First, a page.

Global Investing

Indian markets and the promise of reform

February 4, 2013

What a difference a few months have made for Indian markets.

The rupee is 8 percent up from last summer’s record lows. Foreigners have ploughed $17 billion into Indian stocks and bonds since Sept 2012 and foreign ownership of Indian shares is at a record high 22.7 percent, Morgan Stanley reckons.  And all it has taken to change the mood has been the announcement of a few reforms (allowing foreign direct investment into retail, some fuel and rail price hikes and raising FDI limits in some sectors). A controversial double taxation law has been pushed back.  The government has sold some stakes in state-run companies (it offloaded 10 percent of Oil India last week, netting $585 million).  If the measures continue, the central bank may cut interest rates further.

Above all, there have been promises-a-plenty on fiscal consolidation.

The promises are not new. Only this time, investors appear to believe Finance Minister P. Chidambaram.

Chidambaram who was on a four-city roadshow to promote India to investors, pledged in a Reuters interview last week not to cross the “red line” of a 5.3 percent deficit for this year in the Feb 28 budget. Standard Chartered, one of the banks that organised Chidambaram’s roadshow, sent out a note entitled: “The finance minister means business”.

FM Chidambaram has gained market credibility on back of measures announced since Sept. 2012. ..if he follows through on these pledges….markets will have more reason to cheer.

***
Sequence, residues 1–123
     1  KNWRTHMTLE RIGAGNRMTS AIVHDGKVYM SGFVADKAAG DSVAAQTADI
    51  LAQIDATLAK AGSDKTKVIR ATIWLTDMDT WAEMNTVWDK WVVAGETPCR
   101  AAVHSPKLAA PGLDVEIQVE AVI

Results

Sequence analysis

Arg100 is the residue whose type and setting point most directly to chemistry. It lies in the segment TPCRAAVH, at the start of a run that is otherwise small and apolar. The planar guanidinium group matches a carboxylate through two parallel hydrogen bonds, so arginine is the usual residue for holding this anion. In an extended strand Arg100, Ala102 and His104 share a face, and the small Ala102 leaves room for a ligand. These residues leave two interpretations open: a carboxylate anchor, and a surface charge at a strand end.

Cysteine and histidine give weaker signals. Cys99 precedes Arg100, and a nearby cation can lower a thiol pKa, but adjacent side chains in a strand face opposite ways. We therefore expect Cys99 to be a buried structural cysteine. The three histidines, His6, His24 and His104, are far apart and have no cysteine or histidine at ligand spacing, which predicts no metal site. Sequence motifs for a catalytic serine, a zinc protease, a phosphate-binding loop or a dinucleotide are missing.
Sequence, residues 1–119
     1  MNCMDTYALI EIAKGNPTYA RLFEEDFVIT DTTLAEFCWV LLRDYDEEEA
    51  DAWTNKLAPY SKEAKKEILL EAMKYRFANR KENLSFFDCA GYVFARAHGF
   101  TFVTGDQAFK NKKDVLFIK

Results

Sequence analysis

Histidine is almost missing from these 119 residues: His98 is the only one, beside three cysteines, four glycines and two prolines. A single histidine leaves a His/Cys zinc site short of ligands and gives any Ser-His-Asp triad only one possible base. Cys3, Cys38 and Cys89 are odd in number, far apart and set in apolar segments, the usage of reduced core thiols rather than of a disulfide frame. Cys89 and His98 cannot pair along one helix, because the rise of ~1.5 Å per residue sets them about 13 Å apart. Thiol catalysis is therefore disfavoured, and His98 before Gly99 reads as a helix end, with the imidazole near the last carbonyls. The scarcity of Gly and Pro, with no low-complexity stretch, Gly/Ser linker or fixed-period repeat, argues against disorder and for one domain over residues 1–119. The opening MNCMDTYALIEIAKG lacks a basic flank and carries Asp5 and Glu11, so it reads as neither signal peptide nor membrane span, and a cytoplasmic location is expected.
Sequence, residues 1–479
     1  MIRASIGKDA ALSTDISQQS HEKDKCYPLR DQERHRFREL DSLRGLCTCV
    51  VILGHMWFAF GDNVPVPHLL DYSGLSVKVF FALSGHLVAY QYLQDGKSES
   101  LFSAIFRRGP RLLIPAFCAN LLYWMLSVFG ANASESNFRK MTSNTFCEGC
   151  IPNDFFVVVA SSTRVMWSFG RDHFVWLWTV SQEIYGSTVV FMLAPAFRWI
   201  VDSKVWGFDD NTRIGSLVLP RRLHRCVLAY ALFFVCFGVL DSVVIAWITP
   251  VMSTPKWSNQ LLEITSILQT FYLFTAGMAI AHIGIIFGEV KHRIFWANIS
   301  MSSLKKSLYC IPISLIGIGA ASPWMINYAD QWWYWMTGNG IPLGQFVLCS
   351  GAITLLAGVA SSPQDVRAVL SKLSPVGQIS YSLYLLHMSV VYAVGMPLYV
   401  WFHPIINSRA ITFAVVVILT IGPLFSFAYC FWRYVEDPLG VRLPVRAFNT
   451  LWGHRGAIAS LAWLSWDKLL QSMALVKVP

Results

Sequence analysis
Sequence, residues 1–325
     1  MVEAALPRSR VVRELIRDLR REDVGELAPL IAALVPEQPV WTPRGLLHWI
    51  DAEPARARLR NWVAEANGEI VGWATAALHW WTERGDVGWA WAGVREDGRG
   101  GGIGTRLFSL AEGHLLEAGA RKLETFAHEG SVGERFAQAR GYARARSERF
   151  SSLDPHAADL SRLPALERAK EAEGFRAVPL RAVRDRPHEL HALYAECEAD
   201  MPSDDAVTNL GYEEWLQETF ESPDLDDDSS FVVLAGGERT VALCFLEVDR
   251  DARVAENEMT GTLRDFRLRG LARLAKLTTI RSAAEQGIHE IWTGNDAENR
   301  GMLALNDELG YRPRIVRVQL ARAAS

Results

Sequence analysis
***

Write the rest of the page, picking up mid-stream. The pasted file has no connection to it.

So what can be expected if the budget does deliver the goods? Assuming global central banks continue to gush liquidity, the Indian stock rally might continue.  Indian stocks trade at 16 times forward earnings, slightly below their historical averages.  The rupee too should rise further. It has an implied yield of around 6 percent,  one of the highest in the world. And unlike many other emerging markets, India won’t be averse to some appreciation from current levels of around 53. 15 per dollar. According to Arvind Mayaram, head of economic affairs at India’s finance ministry:

Once you see fiscal consolidation start to happen, you will see the rupee strengthen further… the rupee at 52-53 (per dollar) is good. It will be still competitive but imports will become cheaper and inflation will moderate.

And what of India’s woeful infrastructure?  India’s pot-holed roads, power cuts and clogged-up ports will take years, if not decades, to fix. But the government does seem keen to deal with the problem. Mayaram, in London for a recent infrastructure roadshow, said in an interview that the government had fulfilled targets for  $500 billion infrastructure investments in the five years to 2012 and  half of this had come from the private sector. Another $1 trillion is planned by 2017, giving an annual  investment rate of around 38-40 percent of GDP, he said.

All that is good. But elections loom in 2014 and the ruling Congress is likely to pressure Chidambaram to be generous to voters.  UBS analyst Manik Narain says a lot of foreign cash has headed  to India recently on the promise of yield and the premise that the inflows will be welcome (unlike in many Asian and Latin American countries, where governments are increasingly fearful of hot money). But he says the peak could be close if reforms are not quickly deepened:

Given how much pressure the Congress is under, I find it surprising the market is trading with so much optimism.  The truth of the matter is that the reform steps India has taken are welcome but they are really only baby steps. A sliver of reform is making India look attractive.

 The ball, as Chidambaram has acknowledged, is firmly in the Indian government’s court.

 

Post Your Comment

We welcome comments that advance the story through relevant opinion, anecdotes, links and data. If you see a comment that you believe is irrelevant or inappropriate, you can flag it to our editors by using the report abuse links. Views expressed in the comments do not represent those of Reuters. For more information on our comment policy, see http://blogs.reuters.com/fulldisclosure/2010/09/27/toward-a-more-thoughtful-conversation-on-stories/